While having sufficient moisture won’t often be the problem in East Yorkshire, he highlights last season as an example of when there were only a few days between the showers when conditions were right to go.
This narrow optimum drilling window means being well prepared, and he makes sure preparations like fitting dual wheels and drill calibration are done in good time.
Cheap to grow
Since the crop was introduced, Odyssey has made way for maltsters’ favourite Concerto. Variable seed rate technology was introduced alongside variable rates of P and K to complement routine applications of pig muck and slurry.
This has led to more even crop stand, says Mr Hodgson, with indices of P+K now at an average of 2 across the farm, alongside an organic matter average of 4.2%.
Just 100kg of nitrogen is applied in a 50:50 split between the seed-bed and post-emergence, with the only other fertiliser input being a dose of manganese, copper and sulphur trace elements.
Fungicide applications are limited to a robust T1 and T2, using a mix of Swift (trifloxystrobin) and Helix (prothioconazole + spiroxamine), with both applied as a protectant, to keep yield potential as high as possible.
Mr Hodgson credits the competitive crop with helping to keep a lid on blackgrass numbers. This highlights again the importance of strong early establishment to cover over any bare patches of soil as rapidly as possible.
The persistent troublemaker is still the number one grassweed problem on the farm, with a comprehensive cultural control strategy introduced to combat it after chemical control became less effective.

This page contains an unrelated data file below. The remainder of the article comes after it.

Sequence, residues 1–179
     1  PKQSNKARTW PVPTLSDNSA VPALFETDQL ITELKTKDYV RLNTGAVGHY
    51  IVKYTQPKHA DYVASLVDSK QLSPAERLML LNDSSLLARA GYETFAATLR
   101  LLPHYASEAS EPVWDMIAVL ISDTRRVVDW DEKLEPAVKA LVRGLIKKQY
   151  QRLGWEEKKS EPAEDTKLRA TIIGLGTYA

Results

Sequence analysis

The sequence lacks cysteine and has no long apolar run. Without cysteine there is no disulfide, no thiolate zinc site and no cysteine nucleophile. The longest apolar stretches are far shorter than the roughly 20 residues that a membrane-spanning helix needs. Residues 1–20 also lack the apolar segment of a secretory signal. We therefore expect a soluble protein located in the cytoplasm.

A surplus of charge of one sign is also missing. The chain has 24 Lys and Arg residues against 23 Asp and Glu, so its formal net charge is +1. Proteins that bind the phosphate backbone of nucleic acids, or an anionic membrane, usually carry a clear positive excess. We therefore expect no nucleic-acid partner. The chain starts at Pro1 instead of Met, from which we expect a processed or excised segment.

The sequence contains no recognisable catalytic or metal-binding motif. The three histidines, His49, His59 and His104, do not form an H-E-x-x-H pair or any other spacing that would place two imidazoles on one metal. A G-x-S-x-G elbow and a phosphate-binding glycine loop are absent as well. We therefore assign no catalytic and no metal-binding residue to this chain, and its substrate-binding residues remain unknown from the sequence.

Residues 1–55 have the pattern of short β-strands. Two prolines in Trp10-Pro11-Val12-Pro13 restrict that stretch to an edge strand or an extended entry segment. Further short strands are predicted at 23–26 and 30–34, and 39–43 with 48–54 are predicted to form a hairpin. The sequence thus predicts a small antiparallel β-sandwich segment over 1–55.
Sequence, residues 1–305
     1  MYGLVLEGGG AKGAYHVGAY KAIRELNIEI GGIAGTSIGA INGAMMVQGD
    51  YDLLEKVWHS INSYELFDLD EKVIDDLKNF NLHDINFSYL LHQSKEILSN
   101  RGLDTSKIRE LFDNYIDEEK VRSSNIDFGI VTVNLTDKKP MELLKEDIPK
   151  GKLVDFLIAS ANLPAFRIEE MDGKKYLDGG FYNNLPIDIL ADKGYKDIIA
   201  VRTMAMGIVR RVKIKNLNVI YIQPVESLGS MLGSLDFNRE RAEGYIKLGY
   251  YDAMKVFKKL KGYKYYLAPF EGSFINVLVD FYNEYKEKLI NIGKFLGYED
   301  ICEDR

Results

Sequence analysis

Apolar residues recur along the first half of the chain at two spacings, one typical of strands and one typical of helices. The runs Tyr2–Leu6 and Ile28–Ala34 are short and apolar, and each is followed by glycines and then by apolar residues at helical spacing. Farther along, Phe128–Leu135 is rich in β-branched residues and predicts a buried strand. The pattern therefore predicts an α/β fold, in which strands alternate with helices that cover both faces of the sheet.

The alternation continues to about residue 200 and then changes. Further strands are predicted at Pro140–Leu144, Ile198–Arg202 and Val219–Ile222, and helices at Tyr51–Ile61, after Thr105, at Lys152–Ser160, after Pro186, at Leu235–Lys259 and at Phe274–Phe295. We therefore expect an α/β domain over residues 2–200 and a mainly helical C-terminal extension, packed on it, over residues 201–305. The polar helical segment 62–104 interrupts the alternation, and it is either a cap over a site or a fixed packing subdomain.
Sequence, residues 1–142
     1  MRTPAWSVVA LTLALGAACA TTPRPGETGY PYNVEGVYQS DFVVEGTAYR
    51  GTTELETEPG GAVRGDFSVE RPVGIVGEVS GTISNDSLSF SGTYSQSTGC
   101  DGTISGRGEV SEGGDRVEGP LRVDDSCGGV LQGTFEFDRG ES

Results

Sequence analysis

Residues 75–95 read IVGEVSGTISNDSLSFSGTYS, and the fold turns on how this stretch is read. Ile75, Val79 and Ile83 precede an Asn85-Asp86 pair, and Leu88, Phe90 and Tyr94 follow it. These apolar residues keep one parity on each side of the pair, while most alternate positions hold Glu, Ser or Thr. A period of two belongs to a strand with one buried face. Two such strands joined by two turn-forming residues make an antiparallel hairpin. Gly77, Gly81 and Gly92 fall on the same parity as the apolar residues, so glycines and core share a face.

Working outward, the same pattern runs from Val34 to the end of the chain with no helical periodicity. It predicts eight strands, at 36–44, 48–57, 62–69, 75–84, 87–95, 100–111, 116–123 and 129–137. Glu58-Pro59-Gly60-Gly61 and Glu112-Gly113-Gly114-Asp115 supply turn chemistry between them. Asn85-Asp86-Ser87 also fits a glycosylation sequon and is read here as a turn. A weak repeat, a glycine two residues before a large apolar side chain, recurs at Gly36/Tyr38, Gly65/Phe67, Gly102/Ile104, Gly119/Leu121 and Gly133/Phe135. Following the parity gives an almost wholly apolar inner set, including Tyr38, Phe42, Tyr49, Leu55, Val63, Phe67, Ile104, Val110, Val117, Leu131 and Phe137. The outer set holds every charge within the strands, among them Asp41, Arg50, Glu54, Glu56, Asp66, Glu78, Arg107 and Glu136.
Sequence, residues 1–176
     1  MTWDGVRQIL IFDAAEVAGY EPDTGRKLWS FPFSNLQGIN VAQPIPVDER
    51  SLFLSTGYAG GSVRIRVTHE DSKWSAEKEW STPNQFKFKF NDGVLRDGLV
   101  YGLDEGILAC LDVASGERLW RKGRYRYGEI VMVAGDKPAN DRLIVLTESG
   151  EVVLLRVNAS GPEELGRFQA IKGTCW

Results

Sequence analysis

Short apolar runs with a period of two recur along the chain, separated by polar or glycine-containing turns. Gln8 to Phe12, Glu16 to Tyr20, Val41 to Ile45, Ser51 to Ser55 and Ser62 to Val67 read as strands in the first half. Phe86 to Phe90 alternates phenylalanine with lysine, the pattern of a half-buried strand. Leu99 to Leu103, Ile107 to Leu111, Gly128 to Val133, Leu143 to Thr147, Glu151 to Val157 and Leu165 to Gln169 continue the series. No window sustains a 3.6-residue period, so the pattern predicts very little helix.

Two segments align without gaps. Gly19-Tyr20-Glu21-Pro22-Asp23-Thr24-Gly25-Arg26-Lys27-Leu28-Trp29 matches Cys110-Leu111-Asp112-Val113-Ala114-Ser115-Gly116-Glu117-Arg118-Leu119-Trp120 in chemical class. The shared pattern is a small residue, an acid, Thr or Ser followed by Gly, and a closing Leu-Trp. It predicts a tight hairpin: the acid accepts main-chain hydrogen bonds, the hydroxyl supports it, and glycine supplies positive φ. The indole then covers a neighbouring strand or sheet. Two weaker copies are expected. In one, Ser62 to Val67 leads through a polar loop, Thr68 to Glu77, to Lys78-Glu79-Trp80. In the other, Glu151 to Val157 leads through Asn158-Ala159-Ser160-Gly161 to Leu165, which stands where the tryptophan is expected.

This involves rotational ploughing to bury seed followed by direct drilling in subsequent seasons to keep seeds buried. Other measures include later drilling dates and increased spring cropping to give more stale seed-bed opportunities.
While the barley straw is highly valued as good-quality straw for the pigs, only the minimum amount required is baled to avoid carting seeds around unnecessarily, with the rest chopped and incorporated.
Increasing wild oat problem
However, an unintended consequence of more cultural controls and less herbicide use is an increasing amount of wild oats being seen, which are difficult to control.
He says declining use of Atlantis (iodosulfuron + mesosulfuron) for blackgrass control can partly explain this, as while it is getting less effective for blackgrass control, it still offers robust control of other weeds.
Treating wild oats at a pre-emergence stage is also ruled out due to the weed growing at the same time as the crop, and the limited amount of chemistry available for control that doesn’t also impact the crop.
He currently uses Axial (pinoxaden), but Avadex granules (tri-allate) will also being trialled this year.
The other problem that will be familiar to growers of spring cereals is ergot, which can be problematic, as there is no way of knowing if a crop is infested with it until it’s harvested.
Mr Hodgson advises that it is yet another reason to keep on top of grassweeds, as they host the troublesome disease between crops, acting as a green bridge.
Getting the crop dry enough to harvest can be a problem near the coast, with a damp atmosphere brought about by regular sea frets, which make harvesting at the required 14.5% moisture content difficult.
Mr Hodgson says that while brackling is not a problem with Concerto, once the crop is ripe he prioritises harvesting the premium product over the farms 150ha of soft Group 4 biscuit winter wheat when there’s a harvesting clash.
He recommends having an area where the crop can be dumped quickly in the dry during tight harvesting windows to help keep the combine rolling. It can then be returned to later for further drying and cleaning as necessary.